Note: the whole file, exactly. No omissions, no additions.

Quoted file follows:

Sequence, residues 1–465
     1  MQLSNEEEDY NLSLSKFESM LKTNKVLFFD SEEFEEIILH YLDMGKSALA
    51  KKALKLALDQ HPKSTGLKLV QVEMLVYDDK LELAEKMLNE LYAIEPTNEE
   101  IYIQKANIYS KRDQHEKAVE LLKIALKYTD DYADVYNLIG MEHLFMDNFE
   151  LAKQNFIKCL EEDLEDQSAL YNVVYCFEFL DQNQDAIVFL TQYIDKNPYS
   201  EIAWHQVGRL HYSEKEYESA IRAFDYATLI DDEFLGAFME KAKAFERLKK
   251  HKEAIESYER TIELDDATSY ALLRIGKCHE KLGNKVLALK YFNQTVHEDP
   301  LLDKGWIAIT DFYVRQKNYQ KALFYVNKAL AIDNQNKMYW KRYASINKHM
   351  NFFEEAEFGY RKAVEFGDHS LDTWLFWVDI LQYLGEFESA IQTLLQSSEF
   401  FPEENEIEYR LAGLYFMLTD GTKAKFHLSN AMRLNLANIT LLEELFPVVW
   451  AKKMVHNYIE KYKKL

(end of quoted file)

Sequence, residues 1–465
     1  MQLSNEEEDY NLSLSKFESM LKTNKVLFFD SEEFEEIILH YLDMGKSALA
    51  KKALKLALDQ HPKSTGLKLV QVEMLVYDDK LELAEKMLNE LYAIEPTNEE
   101  IYIQKANIYS KRDQHEKAVE LLKIALKYTD DYADVYNLIG MEHLFMDNFE
   151  LAKQNFIKCL EEDLEDQSAL YNVVYCFEFL DQNQDAIVFL TQYIDKNPYS
   201  EIAWHQVGRL HYSEKEYESA IRAFDYATLI DDEFLGAFME KAKAFERLKK
   251  HKEAIESYER TIELDDATSY ALLRIGKCHE KLGNKVLALK YFNQTVHEDP
   301  LLDKGWIAIT DFYVRQKNYQ KALFYVNKAL AIDNQNKMYW KRYASINKHM
   351  NFFEEAEFGY RKAVEFGDHS LDTWLFWVDI LQYLGEFESA IQTLLQSSEF
   401  FPEENEIEYR LAGLYFMLTD GTKAKFHLSN AMRLNLANIT LLEELFPVVW
   451  AKKMVHNYIE KYKKL